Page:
1938 - 2017
Anne Buttimer, emeritus professor of geography at University College Dublin, died July 15, 2017.
Buttimer was Fellow of Royal Irish Academy, Royal Geographical Society (UK) and Academia Europaea. She served as Council Member of the American Association of Geographers (AAG) from 1974 to 1977; of the Royal Geographical Society (RGS) from 1996 to 1999; and as President of the International Geographical Union (IGU) from 2000 to 2004, the first female and first Irish person to be elected to that role.
During her distinguished career, she held research and teaching positions in Belgium, Canada, France, Scotland, Sweden, and the USA. She was appointed Professor of Geography at University College Dublin (UCD) in 1991, where she remained until she retired in 2003. However, she continued to work relentlessly, attending overseas meetings, giving invited lectures and engaging in debates on the promotion of social science, European cooperation and the world of geographical knowledge production and its circulation.
She has received many awards and honours, including a post-doctoral fellowship from the Belgian American Educational Foundation 1965 1966; Fulbright Hays Visiting Professor in Social Ecology to Sweden 1976; Association of American Geographers Honors Award 1986; Ellen Churchill Semple Award, University of Kentucky 1991; Royal Geographical Society (UK) Murchison Award 1997; Royal Scottish Geographical Society Millenium Award 2000; Member of the Jury for the Prix Vautrin-Lud 1998-2012; Appointed to Board of Science for the Austrian Academy of Sciences 2010; Doctor, honoris causa, University of Joensuu, 1999; Doctor honoris causa, Tartu University 2004; August Wahlberg Medal in Gold from King of Sweden 2009; appointed Chair of the Social Sciences Section of Academia Europaea 2010; elected as Vice-President of Academia Europaea 2012; Doctor honoris causa, University of Grenoble 2012.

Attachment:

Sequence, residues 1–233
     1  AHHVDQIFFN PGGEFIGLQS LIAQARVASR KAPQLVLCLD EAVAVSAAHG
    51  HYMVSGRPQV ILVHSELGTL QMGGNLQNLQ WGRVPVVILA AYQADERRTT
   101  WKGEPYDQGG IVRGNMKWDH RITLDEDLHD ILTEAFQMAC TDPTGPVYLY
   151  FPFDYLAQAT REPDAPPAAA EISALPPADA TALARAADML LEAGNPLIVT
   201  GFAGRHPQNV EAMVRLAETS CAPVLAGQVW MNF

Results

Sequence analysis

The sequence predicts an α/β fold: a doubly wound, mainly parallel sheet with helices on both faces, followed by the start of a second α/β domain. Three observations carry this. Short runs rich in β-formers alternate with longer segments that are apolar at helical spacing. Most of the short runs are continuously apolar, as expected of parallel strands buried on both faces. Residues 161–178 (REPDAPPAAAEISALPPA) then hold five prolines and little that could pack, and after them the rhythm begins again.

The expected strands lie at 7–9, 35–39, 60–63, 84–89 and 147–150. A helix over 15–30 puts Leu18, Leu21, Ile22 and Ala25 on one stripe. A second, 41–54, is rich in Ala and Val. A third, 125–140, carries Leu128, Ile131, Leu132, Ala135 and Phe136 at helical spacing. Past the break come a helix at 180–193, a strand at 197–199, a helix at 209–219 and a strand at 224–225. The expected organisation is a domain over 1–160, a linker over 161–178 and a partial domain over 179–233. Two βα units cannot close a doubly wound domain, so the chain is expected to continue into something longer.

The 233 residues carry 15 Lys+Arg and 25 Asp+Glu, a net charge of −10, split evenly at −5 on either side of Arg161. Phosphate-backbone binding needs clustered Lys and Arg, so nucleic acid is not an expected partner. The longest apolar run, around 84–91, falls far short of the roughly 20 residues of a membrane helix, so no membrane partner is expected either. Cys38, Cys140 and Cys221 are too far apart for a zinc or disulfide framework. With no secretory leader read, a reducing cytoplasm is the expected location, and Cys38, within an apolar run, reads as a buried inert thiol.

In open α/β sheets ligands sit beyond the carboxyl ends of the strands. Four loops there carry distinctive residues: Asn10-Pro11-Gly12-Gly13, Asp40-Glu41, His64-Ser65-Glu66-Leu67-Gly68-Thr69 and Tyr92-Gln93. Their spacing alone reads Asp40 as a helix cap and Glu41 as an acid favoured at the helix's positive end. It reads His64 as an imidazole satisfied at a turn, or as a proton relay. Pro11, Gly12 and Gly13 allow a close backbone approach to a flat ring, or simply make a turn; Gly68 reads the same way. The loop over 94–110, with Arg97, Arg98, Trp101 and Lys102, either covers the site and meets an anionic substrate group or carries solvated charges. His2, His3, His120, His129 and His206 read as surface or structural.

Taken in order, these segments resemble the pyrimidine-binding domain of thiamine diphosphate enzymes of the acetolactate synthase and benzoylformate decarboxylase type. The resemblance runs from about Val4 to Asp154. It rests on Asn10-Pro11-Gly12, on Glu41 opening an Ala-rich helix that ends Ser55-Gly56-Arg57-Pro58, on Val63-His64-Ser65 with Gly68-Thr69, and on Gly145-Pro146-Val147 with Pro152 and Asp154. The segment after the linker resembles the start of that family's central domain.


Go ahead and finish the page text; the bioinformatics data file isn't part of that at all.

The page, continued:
Anne’s colleagues Alun Jones and Stephen Mennell write:
She was a powerful advocate of the discipline. She was truly international in her work, vision and activities; a gifted multilingual scholar with a sharp intellect. Her scholarship on place, space and the spirituality of everyday human existence was truly groundbreaking. One paper that had exceptional impact was “Grasping the dynamism of lifeworld”, which appeared in the Annals of the Association of American Geographers in 1976, and has been cited well over 700 times. It drew upon the social phenomenology that was then widely influential in the other social sciences, and applied it to the culturally defined spatiotemporal setting or horizon of everyday life. In her work she promoted the emancipatory role of humanism, and championed calls for Western scholars to seek better communication with colleagues from other cultures to address global environmental challenges. Anne’s work received deservedly numerous international awards and honours. Most recently these included: the Wahlberg Medal of the Swedish Society for Anthropology and Geography in 2009; the Lifetime Achievement honour from the Association of American Geographers, presented to her at the Annual Conference of the AAG in Tampa in 2014; and the Vautrin Lud prize (often referred to as the ‘Nobel Prize’ in Geography) in 2014.
Buttimer conducted her undergraduate studies at University College Cork in geography, Latin, and mathematics. She earned a master’s degree in geography from the National University of Ireland. After earning her master’s degree in 1959, she became a Dominican nun in Seattle, serving in the order for 17 years. In 1965, she earned a doctorate from the University of Washington.
Anne was deeply committed to her family, friends, and colleagues and she will be greatly missed.